Blame is the good lord …

Bayer defends itself in GM rice affair

Contamination of long-grain rice by Bayer’s unapproved LL601 GM rice (The Rice Nobody Wanted) has caused significant harm to U.S. rice farmers. Hundreds of southern farmers join class action lawsuits over the ie. Now, a 30-page response letter from Bayer Crop Science to the lawyers gives the first indication of the group’s defense strategy. According to the Washington Post, force majeure, but also allegedly careless farmers, were to blame for the misery.

In mid-August, U.S. authorities were informed of the appearance of Bayer CropScience’s unapproved GM rice line LL601 The rice, originally developed by Aventis CropScience, is among the herbicide-tolerant GM varieties and is insensitive to the weedkiller Liberty Link. LL601 rice was never commercialized and was only field tested between 1998 and 2001. However, the U.S. Secretary of Agriculture confirmed that contaminated rice had turned up in a 2005 crop.

The scandal was perfect. Analysis shows significant portion of U.S. rice crop was contaminated. The EU reacted promptly and now imposes compulsory tests on rice imports from the USA. In the absence of a safety assessment under European Food Safety Authority (EFSA) rules for LL601, zero tolerance applies. The EU member states must remove the rice from circulation. In Germany, Baden-Wurttemberg became the first state to ie a. In September, it was announced that LL601 rice had been found in seven of 46 samples tested. Several states reported similar results.

The prices for US long grain rice dropped drastically in the beginning. The European sales market collapsed, especially since large food producers immediately switched to suppliers from other countries as a precaution. In the U.S., aggrieved farmers banded together and filed class-action lawsuits worth millions of dollars. Now there is an initial response letter from Bayer. As reported by the Washington Post, the response is three pages long. According to the American newspaper, however, the message can essentially be summarized in three key points. First of all, Bayer rejects any responsibility in the criminal sense. In the company’s view, "unforeseeable circumstances" and ultimately "force majeure" were to blame. But beyond that, "carefree farmers" are also being targeted.

Denying any culpability, the Bayer response variously blames the escape of its gene-altered variety of long-grain race, LL601, on "unavoidable circumstances which could not have been prevented by anyone" "an act of God"; and "farmers" "own negligence, carelessness, and/or comparative fault".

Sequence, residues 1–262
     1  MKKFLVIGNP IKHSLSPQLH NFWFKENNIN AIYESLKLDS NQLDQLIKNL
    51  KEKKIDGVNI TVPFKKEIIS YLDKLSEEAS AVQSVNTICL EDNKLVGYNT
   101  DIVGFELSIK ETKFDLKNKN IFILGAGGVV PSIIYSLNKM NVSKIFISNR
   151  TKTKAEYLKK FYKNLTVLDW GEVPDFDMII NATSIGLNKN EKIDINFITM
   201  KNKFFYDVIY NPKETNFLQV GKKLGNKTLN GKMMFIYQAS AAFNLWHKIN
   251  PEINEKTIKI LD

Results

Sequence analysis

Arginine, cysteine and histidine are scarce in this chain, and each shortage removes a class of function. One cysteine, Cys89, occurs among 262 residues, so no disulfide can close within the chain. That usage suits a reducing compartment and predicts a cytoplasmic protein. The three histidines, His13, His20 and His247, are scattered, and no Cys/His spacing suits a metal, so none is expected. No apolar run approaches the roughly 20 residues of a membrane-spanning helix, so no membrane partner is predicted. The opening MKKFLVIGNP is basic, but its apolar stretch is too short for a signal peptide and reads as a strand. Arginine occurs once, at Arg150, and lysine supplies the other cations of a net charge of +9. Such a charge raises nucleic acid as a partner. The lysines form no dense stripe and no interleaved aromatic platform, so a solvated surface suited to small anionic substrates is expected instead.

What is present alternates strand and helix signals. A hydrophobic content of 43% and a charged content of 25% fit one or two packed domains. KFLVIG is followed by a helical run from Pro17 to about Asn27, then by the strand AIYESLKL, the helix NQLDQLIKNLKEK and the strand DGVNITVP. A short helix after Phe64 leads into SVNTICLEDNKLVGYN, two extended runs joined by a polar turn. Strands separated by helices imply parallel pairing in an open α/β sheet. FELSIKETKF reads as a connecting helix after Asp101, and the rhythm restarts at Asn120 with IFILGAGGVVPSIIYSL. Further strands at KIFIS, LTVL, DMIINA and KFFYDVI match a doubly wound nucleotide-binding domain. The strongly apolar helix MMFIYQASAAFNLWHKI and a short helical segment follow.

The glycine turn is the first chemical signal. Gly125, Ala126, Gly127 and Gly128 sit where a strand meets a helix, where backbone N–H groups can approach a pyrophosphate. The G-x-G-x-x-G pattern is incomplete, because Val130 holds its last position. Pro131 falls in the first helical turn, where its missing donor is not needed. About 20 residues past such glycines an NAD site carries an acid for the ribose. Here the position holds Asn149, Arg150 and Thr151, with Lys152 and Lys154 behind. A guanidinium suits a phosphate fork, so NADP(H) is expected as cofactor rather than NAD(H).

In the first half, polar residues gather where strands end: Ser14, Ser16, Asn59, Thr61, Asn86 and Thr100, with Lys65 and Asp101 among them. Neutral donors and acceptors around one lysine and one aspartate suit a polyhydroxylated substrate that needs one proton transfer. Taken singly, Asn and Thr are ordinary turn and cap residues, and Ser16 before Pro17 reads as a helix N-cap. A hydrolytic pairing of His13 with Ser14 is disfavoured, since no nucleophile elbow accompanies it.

The plaintiff representatives show themselves emport. "Farmers are innocent victims," the paper quotes Don Downing of the law firm Gray, Ritter Graham PC, which brought one of the grossest lawsuits in Missouri. The farmers had not had any indication of any impurities.

The reason for the contamination is not yet known

The fact is that it is still not known exactly how the massive contamination could have occurred, although only field tests with the unapproved variety had been carried out. A trail leads to Louisiana State University, Aventis’ breeding partner at the time. The university announced in August that conventional seeds of the Cheniere 2003 variety had been contaminated with LL601. The seed lots from 2004 and 2005 were free of genetic contamination. The Cheniere rice variety has been grown on several thousand hectares along the Mississippi River since 2004. Farmers in Missouri and Arkansas have been hit particularly hard by the contamination.

In principle, contamination with genetically modified varieties can be caused by pollen drift, sloppy seed selection, shared use of agricultural machinery or storage facilities, etc., but it can also be caused by the use of other methods. arise. What exactly happened with LL601 remains to be seen. First indications of contamination apparently existed as early as January. Why a response from Bayer took until the summer is also being debated in the U.S.

The reactions of U.S. farmers to the EU’s strict approach were initially often marked by annoyance. American authorities tried to limit the damage and emphasized that there is no health risk to be feared. However, it is not a variety that has been tested – not even in the USA. The EU was therefore unable to present a final risk assessment. And even in the U.S., the hastily filed application for Bayer’s approval has not yet been approved. So far, only a preliminary clearance status has been granted by the U.S. authorities – probably in order to prevent even greater economic damage.

In the United States – at least among some representatives of the rice industry – the opinion seems to be gaining ground that consumers cannot be expected to simply eat what is put on the table. Rather, one should cultivate what the consumer desires. Representatives of U.S. rice farmers are putting up some resistance to a proposed supplemental allowance because of this. One representative, for example, said that no one would be helped by it. After all, Bayer had only made the application in the USA, so the export problem was far from being solved. He is concerned not only about the European market, but also about the Canadian market. In Arkansas, a ban on the cultivation of the affected rice variety Cheniere is currently being considered, at least for the 2007 growing season, and possibly even for a year longer.

In addition, there is discussion of following European standards for security assessment. Obviously, primarily economic considerations and customer orientation play a role here. A handler said to the specialized medium Deltafarmpress.com, it is not a question of whether the rejection of genetic engineering is rational or not, one must orient oneself to the consumer’s wishes.

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